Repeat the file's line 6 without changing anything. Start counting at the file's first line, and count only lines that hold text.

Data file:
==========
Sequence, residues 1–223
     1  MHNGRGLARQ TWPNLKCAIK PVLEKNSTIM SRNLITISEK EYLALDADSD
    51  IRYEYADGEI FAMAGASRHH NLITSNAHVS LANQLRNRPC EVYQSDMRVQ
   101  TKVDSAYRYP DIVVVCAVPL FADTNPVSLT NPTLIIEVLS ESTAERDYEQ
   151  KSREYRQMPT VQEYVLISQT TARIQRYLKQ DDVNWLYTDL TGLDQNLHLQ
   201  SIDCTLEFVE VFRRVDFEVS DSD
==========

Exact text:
   201  SIDCTLEFVE VFRRVDFEVS DSD